From the balmy weather to the abundant bookshops — there’s much to inspire authors in the city we call home. With some of India’s finest children’s writers living right here, you’ll find places and people you recognise on every page. Meet some of Bangalore’s writers who dream up the loveliest stories for children.

 Aditi De

AditiDe

Usually found: Gazing over her computer and out of wide windows which overlook her neighbour’s Singapore Cherry Tree.

It’s hard not to be impressed by an author who has written about some of India’s most iconic figures in her work — including Gandhi in a recent graphic novel, and Nehru as part of the Puffin Lives series. De has a special knack of making her writing both accessible and relevant for children. Reading her life of Gandhi is particularly special because of the attention she pays to his {often neglected} childhood years.

Bibliography: A Twist in the Tale: More Indian Folktales, Jawaharlal Nehru: The Jewel of India, The Secret of the Rainbow Phoenix, and Mohandas Karamchand Gandhi.

Reading recommendation: The Mozart Question by Michael Morpurgo

Andaleeb Wajid

AndaleebWajid

Usually found: Writing at her desk, especially when she has time to herself.

Food and slice of life stories come together in Andaleeb Wajid’s books. The Young Adult author has recently written Asmara’s Summer about the very posh Asmara, who much to her horror, finds herself spending a month at her grandparent’s on Tannery Road. If you’ve read Wajid’s books — YA or adult — you will find that Bangalore is a key protagonist in her stories. “All my books feature Bangalore for the simple reason that while I may have travelled to many places around the world, I’ve only lived here,” she said. “This is home and it is predominantly evident in all my books.”

Bibliography: Asmara’s Summer, When She Went Away, The Tamanna Trilogy series, and Kite Strings.

Reading recommendation: The Fablehaven series by Brandon Mull.

Archit Taneja

ArchitTaneja

Usually found: Writing while enduring the long commute from Indiranagar to Whitefield.

For Archit Taneja, who began his writing journey at a workshop organised by Duckbill Books in Chennai, it had to be children’s books because he, “enjoys telling goofy stories that most adults frown upon.” His debut novel for middle readers, The Case of The Candy Bandit, certainly adds a goofy charm to the typical detective story, and the sleuths from the book are ready to take up a new case in the second installment, which will be published soon.

Bibliography: Superlative Supersleuths: The Case of the Candy Bandit.

Reading recommendation: The Selected Works of T.S Spivet

Arundhati Venkatesh

ArundhatiVenkatesh

Usually found: Madly trying to make a break through the madness to the relative calm of her desk.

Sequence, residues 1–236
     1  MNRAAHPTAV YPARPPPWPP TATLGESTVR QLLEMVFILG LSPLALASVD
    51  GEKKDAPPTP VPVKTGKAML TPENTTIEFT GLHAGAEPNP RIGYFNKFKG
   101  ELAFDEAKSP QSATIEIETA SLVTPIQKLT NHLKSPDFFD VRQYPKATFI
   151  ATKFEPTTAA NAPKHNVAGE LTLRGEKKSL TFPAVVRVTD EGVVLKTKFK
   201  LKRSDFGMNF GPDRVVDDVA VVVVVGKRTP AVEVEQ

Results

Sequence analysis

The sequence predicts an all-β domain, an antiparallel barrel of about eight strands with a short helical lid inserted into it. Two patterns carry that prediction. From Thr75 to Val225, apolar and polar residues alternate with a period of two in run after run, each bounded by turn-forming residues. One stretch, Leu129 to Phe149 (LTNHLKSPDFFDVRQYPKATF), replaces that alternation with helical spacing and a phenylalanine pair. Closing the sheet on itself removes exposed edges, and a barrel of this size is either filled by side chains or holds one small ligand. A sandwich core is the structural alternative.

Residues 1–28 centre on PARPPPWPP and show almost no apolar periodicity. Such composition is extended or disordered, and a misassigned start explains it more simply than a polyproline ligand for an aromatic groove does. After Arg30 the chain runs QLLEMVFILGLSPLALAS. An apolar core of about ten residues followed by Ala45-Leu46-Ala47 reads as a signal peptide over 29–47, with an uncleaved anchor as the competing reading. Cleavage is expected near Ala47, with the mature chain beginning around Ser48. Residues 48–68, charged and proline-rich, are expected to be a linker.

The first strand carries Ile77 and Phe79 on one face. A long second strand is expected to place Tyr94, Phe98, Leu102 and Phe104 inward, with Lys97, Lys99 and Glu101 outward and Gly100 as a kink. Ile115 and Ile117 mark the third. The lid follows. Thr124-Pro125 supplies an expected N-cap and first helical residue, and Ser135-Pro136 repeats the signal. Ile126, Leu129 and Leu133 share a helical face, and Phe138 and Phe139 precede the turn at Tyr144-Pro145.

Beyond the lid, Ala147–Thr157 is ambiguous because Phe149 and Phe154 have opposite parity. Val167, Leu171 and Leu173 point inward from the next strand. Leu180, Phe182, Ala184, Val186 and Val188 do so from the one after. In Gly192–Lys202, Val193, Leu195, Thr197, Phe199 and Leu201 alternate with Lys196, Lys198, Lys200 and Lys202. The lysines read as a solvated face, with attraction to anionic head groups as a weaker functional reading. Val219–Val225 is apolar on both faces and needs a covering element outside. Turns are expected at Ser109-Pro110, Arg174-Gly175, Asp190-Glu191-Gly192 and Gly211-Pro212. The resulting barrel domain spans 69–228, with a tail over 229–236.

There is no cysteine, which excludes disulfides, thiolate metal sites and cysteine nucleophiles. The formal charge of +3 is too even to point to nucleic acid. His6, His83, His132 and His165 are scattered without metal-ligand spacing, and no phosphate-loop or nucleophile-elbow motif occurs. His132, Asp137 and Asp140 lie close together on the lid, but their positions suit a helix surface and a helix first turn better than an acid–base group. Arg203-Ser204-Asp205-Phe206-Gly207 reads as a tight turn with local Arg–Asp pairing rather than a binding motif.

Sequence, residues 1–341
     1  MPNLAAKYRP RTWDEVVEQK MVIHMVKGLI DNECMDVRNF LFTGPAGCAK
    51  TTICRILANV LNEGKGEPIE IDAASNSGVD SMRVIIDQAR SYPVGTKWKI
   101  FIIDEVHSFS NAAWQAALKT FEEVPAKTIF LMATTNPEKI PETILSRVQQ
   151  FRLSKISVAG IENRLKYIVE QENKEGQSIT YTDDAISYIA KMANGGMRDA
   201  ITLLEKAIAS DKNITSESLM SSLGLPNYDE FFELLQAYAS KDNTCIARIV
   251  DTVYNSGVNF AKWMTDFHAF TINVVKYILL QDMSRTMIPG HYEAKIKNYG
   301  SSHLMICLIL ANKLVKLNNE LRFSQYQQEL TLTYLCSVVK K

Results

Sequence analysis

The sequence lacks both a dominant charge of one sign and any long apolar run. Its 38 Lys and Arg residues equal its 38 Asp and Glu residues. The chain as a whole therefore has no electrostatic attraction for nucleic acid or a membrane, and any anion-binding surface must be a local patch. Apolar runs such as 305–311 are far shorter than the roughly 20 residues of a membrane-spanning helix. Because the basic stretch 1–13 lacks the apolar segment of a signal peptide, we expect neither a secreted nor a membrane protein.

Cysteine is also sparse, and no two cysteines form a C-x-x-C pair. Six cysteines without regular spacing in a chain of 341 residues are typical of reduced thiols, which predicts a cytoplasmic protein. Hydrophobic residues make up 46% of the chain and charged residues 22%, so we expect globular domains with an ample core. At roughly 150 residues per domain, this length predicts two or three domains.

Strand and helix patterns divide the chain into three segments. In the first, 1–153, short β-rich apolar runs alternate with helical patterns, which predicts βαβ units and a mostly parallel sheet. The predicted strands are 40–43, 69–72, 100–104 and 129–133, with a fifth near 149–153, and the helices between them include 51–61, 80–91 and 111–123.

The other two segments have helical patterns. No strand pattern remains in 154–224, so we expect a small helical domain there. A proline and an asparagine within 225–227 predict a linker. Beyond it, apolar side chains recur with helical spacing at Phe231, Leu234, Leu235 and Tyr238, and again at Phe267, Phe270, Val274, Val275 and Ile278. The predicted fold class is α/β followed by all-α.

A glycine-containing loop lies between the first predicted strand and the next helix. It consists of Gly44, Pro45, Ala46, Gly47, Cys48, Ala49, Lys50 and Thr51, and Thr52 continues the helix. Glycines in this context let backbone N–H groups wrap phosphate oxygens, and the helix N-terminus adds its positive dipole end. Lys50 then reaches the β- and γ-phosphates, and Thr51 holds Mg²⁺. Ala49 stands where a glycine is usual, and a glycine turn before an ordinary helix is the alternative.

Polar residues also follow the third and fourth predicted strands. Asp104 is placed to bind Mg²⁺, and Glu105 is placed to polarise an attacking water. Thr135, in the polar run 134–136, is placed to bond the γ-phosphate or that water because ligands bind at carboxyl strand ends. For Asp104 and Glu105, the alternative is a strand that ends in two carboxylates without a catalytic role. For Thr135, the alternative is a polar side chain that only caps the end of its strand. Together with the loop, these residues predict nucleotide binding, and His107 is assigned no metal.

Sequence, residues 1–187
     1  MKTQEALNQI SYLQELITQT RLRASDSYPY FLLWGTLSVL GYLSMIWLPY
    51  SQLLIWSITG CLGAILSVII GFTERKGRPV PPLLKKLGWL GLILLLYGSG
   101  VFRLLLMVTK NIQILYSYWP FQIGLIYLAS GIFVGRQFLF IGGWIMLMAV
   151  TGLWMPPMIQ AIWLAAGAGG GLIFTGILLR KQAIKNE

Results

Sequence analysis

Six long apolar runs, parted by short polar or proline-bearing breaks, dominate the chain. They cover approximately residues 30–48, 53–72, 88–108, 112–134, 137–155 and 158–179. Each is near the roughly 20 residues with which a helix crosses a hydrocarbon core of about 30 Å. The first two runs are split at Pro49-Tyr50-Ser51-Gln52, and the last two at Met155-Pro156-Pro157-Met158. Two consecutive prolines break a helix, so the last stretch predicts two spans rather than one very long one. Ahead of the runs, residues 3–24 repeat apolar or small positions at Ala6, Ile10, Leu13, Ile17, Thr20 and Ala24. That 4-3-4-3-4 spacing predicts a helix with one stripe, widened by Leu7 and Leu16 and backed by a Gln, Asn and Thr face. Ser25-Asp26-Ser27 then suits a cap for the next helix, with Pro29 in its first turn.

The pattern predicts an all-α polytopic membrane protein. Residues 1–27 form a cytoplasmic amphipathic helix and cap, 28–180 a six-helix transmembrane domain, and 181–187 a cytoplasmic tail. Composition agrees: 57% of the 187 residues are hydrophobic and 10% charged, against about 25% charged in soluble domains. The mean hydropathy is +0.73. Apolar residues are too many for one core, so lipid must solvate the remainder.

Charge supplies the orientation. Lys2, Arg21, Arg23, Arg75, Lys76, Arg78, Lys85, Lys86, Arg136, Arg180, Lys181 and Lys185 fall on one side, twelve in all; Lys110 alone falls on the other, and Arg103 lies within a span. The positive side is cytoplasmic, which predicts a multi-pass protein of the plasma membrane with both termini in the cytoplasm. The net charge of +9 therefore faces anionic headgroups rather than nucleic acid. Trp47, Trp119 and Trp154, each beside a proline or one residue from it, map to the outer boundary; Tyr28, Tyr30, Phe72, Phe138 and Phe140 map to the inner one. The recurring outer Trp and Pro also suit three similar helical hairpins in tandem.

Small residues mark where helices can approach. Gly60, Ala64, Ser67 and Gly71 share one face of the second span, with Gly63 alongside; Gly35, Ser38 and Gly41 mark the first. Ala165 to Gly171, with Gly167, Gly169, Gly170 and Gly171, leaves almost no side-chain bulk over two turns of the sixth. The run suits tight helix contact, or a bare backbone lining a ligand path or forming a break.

Food is certainly a recurring theme in her books for both younger and middle readers — with characters like Junior Kumbhakarna and Petu Pumpkin, who just love to eat. Her latest release, Koobandhee – The Adventures of Bala and the Book-barfing Monster hit shelves just this month and tackles another theme that’s close to her heart … books! With some sibling rivalry and feminism thrown in for good measure. While she nurtures dreams of writing in the hills à la Ruskin Bond, she can’t imagine doing what she does in any other city than Bangalore.

Bibliography: Junior Kumbhakarna; Petu Pumpkin: Tiffin Thief, Petu Pumpkin: Tooth Troubles, Bookasura – The Adventures of Bala and the Book-eating Monster, and Koobandhee – The Adventures of Bala and the Book-barfing Monster

Reading recommendation: Coraline by Neil Gaiman {if excitement is what you’re after}. Saffy’s Angel by Hilary McKay {which will leave you feeling good} and Vanamala and the Cephalopod by Shalini Srinivasan {takes you into a fantastic world that’s not too far from Bangalore}.

Asha Nehemiah

AshaNehemiah

Usually found: Writing at her home, where many of the windows look out to trees full of birds.

You can’t help but giggle at a title like The Boy whose Nose was Rose and Other Rollicking Stories. But then that’s the magic of Asha Nehemiah’s writing, it’s warm, humorous, little wonder that children love her stories. “I started writing children’s books because it brings together, in the most fun way possible, all the things that are closest to my heart — writing, stories, fantasy, humour, mystery and children!” said Nehemiah.

Bibliography: The Mystery of the Silk Umbrella, Trouble with Magic, The Mystery of the Secret Hair Oil Formula, Zigzag and Other Stories, Meddling Mooli series; The Boy whose Nose was Rose and other rollicking stories, six CBT books — Granny’s Sari, The Runaway Wheel, The Rajah’s Moustache, Wedding Clothes, Mrs Woolly’s Funny Sweaters and Surprise Gifts.